What is histamine?
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What Does histamine Mean
As a neologism is how we can classify the term histamine that we are dealing with now, whose etymological origin is found in Latin and Greek. And it is the result of the sum of two components of these languages:
-The Greek noun “histos”, which can be translated as “tissue”.
-The Latin word “amine”, which is the result of the union of the radical “am-” and the suffix “-ina”, which is used to give names to certain chemical products.
Likewise, we have to underline that the first time the term was used as such was at the beginning of the 20th century. Specifically, it was in 1910 when it was spoken of under its current name by British scientists Patrick Playfair Laidlaw (1881 - 1940) and Henry Hallett Dale (1875 - 1968).
It is believed that they gave it that name taking into account the term histadina that a few years before had given to another scientist, specifically the German Albretch Kossel (1853 - 1927).
A histamine is an amine released by certain types of cells in the framework of an immune reaction . The amines , in turn, are substances derived from ammonia formed by the replacement of at least one the hydrogen atom or aliphatic aromatic radicals. An immune reaction , on the other hand, is a response of the body to the action of an antigen.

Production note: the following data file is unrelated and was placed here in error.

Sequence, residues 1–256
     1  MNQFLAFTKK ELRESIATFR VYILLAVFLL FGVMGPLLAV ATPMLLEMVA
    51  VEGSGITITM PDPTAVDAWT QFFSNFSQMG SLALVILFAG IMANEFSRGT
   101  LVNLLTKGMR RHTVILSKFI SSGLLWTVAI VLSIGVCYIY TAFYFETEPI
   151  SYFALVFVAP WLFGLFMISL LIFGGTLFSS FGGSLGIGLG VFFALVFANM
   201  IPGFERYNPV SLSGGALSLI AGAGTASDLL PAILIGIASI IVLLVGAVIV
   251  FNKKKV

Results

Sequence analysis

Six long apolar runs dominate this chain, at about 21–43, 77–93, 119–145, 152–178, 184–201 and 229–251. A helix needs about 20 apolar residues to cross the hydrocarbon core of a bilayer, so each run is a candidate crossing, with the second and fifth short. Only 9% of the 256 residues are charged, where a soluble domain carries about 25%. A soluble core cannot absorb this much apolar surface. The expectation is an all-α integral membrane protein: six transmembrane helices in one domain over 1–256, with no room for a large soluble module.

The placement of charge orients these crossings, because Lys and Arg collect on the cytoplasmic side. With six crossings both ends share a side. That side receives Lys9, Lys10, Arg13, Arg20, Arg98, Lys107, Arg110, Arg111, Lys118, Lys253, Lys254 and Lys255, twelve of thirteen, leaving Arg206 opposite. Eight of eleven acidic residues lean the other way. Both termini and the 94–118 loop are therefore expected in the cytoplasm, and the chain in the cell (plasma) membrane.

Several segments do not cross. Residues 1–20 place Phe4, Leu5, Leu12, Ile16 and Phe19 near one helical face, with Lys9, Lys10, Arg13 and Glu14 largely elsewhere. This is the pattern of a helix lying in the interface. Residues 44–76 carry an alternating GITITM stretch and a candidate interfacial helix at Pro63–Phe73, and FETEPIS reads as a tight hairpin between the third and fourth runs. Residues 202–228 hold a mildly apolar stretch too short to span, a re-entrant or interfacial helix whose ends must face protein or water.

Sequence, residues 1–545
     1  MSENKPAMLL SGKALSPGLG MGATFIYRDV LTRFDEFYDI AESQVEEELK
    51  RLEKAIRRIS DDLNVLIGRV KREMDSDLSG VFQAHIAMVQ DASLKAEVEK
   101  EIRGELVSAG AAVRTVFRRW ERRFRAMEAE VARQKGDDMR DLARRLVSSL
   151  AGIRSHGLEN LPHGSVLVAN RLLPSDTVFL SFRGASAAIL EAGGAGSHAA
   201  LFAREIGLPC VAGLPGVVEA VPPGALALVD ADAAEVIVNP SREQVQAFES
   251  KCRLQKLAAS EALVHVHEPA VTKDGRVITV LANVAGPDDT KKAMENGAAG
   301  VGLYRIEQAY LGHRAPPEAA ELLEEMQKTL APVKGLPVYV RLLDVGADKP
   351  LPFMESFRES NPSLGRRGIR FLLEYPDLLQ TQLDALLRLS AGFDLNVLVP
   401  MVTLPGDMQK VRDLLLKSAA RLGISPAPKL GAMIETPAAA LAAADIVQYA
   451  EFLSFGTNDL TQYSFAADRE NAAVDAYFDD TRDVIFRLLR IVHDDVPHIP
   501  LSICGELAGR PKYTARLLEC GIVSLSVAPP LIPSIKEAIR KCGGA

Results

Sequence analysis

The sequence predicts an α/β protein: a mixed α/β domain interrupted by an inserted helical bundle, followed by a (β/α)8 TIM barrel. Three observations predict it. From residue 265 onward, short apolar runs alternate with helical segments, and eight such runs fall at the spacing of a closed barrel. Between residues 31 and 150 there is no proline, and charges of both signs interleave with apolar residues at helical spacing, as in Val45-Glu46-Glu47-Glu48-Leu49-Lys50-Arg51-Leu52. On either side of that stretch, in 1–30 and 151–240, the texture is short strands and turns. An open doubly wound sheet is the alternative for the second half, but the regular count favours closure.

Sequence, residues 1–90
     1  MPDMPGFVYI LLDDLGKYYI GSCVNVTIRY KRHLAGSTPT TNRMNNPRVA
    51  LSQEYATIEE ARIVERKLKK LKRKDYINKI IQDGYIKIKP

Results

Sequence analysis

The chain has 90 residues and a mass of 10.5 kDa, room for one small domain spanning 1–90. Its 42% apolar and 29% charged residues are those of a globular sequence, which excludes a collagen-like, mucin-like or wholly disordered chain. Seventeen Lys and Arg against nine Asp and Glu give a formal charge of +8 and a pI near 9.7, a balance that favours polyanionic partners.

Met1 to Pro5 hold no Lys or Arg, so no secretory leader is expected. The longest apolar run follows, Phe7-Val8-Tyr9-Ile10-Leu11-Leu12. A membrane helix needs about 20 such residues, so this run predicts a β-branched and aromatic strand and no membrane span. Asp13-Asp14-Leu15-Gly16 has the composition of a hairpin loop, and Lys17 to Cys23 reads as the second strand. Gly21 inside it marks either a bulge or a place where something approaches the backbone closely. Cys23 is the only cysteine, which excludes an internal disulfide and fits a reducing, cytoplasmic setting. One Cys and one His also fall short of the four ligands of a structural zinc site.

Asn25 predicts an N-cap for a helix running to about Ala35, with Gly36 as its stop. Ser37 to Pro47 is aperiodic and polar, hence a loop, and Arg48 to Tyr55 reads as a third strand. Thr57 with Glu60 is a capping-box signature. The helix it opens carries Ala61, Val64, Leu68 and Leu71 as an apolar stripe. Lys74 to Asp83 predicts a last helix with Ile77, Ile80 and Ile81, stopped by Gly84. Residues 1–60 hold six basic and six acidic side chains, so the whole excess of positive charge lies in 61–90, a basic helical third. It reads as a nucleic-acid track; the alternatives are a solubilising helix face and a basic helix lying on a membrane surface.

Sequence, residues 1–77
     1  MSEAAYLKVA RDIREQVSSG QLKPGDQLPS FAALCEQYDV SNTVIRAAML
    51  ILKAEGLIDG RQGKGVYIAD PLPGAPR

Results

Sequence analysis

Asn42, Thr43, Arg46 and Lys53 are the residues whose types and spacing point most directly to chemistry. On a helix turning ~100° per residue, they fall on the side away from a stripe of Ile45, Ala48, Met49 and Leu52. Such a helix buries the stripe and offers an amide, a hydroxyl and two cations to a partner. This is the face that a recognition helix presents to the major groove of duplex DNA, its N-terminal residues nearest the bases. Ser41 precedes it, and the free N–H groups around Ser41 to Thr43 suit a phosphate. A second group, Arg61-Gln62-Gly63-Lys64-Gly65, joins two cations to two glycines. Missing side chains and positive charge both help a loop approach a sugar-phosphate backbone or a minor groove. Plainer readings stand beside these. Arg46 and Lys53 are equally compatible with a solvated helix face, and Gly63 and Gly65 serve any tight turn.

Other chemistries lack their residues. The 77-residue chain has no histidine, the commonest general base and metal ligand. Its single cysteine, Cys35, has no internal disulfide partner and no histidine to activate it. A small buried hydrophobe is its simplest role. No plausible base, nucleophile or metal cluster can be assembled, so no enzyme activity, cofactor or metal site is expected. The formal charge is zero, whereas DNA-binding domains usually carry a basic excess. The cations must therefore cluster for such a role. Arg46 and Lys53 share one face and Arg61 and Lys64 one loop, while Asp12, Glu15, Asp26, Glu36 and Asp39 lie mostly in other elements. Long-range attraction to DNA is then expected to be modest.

In short, histamine is released by some cells while the body develops an immune reaction. The neurons of the nervous system are usually responsible for their synthesis and release; Once outside the nervous system, histamine acts in various physiological processes.
Histamine can be said to be a molecule produced by biological agents. It is manufactured by humans in neurons, but also in mast cells , platelets, and other cells. The histamine present in the body of a person can also be made by bacteria found in the food consumed or in the intestinal flora: the sources of histamine for the body, in this way, can be internal or external.
There are several functions that histamine fulfills. On the one hand, the body releases histamine in tissues and blood when it detects an “enemy” (a bacteria, a virus, an allergen, etc.). On the other hand, histamine participates in the production of hydrochloric acid and acts as a neurotransmitter with a key role in adaptation to the environment and in the sleep-wake cycle.
If the amount of histamine in the blood is excessive , whether due to an allergy, food poisoning, illness or other reason, various disorders can be generated from the binding of histamine to its receptors: from nasal congestion and migraine to arrhythmia , tachycardia , itching , diarrhea and muscle aches . To prevent these conditions, a doctor may give an antihistamine medication that works to prevent histamine-receptor binding.
It is important to know that eating fish can suffer scombroid poisoning, which is what causes the histamine that is present in that food and which is a toxin. Specifically, it is usually present in fish that belong to the Scombroidae family such as mackerel, tuna or even mackerel.
Sweat, redness of the face and even a noticeable inflammation of the eyes are some of the main symptoms that indicate the aforementioned histamine poisoning.